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02-11-2016, 12:04 PM   #5791
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The conditions to get ice crystals on a window are 1) very cold outside; 2) warm HUMID air inside. A bedroom is ideal because you are exhaling a lot of moisture into the room which will crystallize on the extremely cold window glass. For obvious reasons, double-pane ("thermal") windows will generally not form ice/frost patterns.

02-11-2016, 12:48 PM   #5792
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QuoteOriginally posted by WPRESTO Quote
The conditions to get ice crystals on a window are 1) very cold outside; 2) warm HUMID air inside. A bedroom is ideal because you are exhaling a lot of moisture into the room which will crystallize on the extremely cold window glass. For obvious reasons, double-pane ("thermal") windows will generally not form ice/frost patterns.
I have never seen frost patterns on our double pane windows ins a climate that has seen -40 on occasion and cooking, bathing, washing and such augmented by dishes of water by all the furnace vents makes for better than average humidity indoors.
02-11-2016, 01:35 PM   #5793
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QuoteOriginally posted by Canada_Rockies Quote
I have never seen frost patterns on our double pane windows ins a climate that has seen -40 on occasion and cooking, bathing, washing and such augmented by dishes of water by all the furnace vents makes for better than average humidity indoors.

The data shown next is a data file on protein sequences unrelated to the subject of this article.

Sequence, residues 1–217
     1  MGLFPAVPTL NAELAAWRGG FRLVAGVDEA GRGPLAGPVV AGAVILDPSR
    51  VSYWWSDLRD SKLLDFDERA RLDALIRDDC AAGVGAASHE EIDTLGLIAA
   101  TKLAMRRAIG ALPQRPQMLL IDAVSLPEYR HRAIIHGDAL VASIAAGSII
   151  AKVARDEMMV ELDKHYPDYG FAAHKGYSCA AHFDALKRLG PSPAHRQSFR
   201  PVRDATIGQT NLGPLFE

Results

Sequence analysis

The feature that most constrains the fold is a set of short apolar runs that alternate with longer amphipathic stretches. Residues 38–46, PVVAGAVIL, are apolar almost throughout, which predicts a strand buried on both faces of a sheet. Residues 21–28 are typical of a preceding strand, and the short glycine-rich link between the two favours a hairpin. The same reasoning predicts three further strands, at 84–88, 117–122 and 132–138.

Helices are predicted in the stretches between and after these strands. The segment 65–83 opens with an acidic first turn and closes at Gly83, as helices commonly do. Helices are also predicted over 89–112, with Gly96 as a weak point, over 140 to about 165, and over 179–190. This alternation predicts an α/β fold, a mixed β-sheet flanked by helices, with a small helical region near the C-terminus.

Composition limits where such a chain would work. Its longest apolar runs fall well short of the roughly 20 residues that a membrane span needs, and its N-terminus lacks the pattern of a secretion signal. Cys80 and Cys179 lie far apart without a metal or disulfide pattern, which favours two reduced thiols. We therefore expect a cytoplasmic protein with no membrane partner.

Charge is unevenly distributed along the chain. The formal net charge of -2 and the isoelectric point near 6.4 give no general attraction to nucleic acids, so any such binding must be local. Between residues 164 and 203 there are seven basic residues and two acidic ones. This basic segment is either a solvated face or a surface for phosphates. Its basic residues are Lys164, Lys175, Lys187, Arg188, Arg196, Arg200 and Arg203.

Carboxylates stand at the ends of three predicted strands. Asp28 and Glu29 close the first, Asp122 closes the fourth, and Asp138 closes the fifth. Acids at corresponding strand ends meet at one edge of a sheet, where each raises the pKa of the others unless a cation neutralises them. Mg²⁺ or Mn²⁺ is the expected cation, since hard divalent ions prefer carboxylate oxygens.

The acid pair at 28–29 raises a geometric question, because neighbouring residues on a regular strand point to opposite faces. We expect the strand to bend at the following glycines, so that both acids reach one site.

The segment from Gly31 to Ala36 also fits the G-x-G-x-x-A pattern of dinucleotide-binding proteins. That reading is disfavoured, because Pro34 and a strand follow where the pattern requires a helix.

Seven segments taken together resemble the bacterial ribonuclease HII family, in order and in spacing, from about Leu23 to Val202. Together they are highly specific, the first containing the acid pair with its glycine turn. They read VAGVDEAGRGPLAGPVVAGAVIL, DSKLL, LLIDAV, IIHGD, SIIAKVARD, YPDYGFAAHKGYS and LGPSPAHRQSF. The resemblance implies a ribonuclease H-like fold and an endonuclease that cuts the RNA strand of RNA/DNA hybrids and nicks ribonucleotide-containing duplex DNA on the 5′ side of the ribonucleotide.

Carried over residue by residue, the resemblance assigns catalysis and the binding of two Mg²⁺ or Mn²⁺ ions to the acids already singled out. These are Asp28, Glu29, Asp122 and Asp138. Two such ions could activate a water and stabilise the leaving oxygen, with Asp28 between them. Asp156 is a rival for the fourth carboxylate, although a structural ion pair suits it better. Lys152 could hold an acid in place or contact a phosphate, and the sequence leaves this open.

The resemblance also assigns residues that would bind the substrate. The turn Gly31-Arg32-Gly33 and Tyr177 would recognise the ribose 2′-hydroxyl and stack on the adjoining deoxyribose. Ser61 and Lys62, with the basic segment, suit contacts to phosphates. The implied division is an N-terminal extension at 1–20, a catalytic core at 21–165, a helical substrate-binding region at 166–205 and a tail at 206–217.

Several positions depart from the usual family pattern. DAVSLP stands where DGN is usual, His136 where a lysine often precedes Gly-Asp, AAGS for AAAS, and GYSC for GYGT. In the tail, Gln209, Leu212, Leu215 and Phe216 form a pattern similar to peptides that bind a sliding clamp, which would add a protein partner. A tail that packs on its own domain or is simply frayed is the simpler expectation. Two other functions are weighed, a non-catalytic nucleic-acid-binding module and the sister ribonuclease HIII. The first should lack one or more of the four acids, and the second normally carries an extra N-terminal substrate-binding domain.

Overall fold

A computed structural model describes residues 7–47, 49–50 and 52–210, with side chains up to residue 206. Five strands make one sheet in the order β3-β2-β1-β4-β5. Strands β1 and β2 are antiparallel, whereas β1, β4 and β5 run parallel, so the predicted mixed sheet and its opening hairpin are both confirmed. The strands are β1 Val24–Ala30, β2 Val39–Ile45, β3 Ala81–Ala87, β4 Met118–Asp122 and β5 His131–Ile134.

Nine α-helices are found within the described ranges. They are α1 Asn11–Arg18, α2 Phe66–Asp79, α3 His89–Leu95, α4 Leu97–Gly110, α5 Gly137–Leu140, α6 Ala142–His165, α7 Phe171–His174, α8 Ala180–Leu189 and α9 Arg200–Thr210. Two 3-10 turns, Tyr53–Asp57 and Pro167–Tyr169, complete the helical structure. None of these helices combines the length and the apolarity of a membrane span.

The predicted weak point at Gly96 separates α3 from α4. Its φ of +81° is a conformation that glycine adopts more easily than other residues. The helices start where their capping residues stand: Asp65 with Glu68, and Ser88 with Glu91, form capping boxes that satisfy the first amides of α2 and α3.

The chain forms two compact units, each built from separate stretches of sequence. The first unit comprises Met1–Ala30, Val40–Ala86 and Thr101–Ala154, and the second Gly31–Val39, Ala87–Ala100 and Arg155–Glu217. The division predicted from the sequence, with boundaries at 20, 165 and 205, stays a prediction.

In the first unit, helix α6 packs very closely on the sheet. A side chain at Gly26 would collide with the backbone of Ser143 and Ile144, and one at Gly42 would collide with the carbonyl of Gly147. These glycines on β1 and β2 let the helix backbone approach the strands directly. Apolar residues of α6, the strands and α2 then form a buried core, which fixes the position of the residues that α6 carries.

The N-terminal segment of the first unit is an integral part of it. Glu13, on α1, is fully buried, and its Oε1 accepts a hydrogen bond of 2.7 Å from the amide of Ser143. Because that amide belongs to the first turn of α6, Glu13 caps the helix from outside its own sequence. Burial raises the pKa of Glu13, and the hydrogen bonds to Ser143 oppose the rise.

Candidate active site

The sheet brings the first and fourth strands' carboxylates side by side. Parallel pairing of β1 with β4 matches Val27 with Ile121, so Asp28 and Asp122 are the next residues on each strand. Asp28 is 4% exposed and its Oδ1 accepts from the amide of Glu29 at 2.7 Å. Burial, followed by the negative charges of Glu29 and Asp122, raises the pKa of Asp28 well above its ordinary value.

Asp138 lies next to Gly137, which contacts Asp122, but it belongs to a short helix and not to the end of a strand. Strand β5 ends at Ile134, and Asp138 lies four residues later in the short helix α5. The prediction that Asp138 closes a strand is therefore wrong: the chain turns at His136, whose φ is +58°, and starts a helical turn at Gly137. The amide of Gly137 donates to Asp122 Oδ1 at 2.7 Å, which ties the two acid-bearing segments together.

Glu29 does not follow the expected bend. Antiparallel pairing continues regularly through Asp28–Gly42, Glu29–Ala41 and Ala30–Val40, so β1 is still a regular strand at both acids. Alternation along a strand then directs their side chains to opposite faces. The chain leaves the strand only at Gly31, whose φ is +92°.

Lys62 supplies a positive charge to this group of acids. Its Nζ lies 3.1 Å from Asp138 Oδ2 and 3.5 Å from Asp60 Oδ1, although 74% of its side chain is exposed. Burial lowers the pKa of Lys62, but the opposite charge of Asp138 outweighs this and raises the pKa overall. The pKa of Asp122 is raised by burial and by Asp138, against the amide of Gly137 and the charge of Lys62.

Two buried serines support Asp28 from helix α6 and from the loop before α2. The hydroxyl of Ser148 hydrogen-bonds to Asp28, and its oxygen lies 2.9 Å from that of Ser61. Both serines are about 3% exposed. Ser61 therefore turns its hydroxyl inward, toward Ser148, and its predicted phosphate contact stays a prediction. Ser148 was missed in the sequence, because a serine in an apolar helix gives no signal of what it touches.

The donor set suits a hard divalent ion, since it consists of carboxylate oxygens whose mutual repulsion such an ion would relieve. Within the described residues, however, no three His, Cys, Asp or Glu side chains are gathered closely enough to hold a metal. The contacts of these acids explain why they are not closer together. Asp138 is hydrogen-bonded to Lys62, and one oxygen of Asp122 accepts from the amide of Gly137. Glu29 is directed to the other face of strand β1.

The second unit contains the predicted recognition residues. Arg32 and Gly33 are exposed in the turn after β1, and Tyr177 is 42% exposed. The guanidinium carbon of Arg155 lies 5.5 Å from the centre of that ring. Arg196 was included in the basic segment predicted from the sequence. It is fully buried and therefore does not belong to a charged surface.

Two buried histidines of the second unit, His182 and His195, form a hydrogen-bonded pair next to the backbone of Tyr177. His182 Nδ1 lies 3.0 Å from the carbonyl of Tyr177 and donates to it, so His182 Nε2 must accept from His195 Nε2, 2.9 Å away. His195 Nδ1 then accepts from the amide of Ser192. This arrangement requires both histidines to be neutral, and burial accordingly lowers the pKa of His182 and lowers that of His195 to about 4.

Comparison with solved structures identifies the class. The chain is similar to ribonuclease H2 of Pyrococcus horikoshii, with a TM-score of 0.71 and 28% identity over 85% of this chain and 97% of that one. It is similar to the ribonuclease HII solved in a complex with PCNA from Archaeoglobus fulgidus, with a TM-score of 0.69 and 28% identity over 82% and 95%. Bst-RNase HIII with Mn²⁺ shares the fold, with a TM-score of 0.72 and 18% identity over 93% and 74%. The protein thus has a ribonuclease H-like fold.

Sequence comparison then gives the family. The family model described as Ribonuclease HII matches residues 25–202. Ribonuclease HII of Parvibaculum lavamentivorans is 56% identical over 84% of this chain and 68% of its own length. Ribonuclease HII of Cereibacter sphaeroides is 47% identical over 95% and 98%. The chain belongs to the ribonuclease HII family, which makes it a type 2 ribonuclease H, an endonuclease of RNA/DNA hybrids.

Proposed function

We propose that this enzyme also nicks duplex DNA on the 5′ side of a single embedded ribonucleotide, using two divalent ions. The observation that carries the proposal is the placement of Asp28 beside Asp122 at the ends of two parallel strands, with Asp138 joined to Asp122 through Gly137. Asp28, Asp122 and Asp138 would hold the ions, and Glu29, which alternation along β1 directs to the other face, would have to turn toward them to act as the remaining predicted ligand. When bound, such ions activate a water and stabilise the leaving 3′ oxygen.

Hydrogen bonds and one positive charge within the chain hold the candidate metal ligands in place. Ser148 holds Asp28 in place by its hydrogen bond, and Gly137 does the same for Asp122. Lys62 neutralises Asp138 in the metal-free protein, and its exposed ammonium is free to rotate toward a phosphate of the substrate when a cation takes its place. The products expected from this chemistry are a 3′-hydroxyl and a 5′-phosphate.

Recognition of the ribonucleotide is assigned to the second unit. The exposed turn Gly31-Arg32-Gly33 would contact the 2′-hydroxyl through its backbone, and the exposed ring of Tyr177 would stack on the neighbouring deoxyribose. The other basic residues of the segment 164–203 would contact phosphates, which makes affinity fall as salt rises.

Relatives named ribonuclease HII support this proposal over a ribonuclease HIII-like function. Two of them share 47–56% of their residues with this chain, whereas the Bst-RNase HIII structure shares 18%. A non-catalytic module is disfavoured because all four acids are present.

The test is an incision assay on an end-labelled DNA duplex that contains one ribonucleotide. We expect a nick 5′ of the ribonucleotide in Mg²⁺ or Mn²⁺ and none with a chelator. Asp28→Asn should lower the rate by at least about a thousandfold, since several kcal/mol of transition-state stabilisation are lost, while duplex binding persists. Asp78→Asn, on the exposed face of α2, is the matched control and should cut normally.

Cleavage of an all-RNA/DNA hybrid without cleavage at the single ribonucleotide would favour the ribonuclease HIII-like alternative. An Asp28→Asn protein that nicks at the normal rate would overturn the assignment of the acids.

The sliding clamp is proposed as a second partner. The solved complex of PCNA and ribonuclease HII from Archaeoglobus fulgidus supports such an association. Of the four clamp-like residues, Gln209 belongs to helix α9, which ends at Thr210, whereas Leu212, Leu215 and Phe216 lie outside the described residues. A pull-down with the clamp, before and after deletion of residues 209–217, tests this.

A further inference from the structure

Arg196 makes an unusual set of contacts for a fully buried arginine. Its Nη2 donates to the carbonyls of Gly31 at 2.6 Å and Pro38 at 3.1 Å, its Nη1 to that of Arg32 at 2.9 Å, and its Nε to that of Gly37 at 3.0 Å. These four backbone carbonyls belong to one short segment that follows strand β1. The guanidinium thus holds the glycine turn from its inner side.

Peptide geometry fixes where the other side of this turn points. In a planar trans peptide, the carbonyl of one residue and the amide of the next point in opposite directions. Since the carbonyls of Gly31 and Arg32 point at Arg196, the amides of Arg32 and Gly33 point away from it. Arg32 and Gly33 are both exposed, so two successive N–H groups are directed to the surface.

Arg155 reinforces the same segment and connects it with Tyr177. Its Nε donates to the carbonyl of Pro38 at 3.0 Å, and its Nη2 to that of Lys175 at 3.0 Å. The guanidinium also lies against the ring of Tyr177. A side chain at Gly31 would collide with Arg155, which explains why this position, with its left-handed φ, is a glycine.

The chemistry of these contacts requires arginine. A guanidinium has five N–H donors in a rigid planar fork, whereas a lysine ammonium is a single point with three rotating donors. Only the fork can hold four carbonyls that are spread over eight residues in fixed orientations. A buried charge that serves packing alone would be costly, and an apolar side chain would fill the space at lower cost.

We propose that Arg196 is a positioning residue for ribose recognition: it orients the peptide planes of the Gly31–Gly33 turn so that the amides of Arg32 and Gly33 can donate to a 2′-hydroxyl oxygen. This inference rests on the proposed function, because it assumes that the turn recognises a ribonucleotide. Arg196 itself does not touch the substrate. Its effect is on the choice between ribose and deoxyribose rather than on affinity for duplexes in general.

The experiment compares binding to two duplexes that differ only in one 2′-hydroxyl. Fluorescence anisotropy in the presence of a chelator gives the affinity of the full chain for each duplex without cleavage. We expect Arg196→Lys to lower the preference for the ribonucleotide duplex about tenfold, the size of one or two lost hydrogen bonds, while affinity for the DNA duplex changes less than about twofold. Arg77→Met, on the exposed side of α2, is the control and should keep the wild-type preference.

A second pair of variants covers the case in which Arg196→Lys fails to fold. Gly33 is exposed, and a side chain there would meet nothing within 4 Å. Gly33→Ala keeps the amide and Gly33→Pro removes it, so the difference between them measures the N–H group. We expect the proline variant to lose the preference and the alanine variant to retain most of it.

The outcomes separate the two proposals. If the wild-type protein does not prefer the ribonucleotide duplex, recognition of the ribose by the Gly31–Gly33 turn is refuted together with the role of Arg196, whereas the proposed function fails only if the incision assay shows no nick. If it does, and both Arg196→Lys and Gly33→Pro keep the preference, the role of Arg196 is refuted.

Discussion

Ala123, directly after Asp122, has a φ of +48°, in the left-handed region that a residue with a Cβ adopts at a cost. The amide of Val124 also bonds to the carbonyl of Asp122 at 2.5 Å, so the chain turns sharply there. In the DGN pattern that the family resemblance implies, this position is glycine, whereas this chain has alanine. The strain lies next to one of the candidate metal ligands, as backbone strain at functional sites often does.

Hence the name "thermal pane." That little space between the two sheets of glass is a very effective insulator. They are expensive, but over the years they can more than pay for themselves in heating cost, aside from the greater comfort of not having cold drafts near every window.
02-11-2016, 01:59 PM   #5794
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We prefer the bedroom to be cold, we sleep better, in slightly warmer weather we might even have the window open a crack, and since we heat with wood, wood stoves are very dry heat, we have a humidifier close to the bedroom window.

Our windows have a lot of things going for them in terms of producing ice crystals.

02-11-2016, 02:12 PM   #5795
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We burned cord wood for about 40 years, first in a Fisher box heater (still in place) and later, when we put on an addition, using a big Newmac furnace that distributed through ducts. But I grew weary of the hauling, stacking, hauling again, feeding the furnace up to three times daily when it was very cold, the uneven heat (sometimes it got impossibly warm at night if I put in a bit too much), the unpredictable quality of delivered wood, the mess. So a few years back I replaced the Newmac with a pellet burning furnace. One charging per day, maybe two in bitter cold, uniform heat, controllable heat (twist thermostat up or down), automatic ignition, 100% reliably uniform pellets, far, far less mess, much less physical handling of the pellets. Of course, we installed it just before fracking dropped the price of oil, so it would actually be cheaper to heat with an oil burner. The Fisher is still there if the electricity goes out, but rather than burning cord wood I keep a small supply of compressed sawdust blocks on hand, enough for about two weeks.

Last edited by WPRESTO; 02-11-2016 at 03:58 PM.
02-11-2016, 02:33 PM   #5796
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QuoteOriginally posted by WPRESTO Quote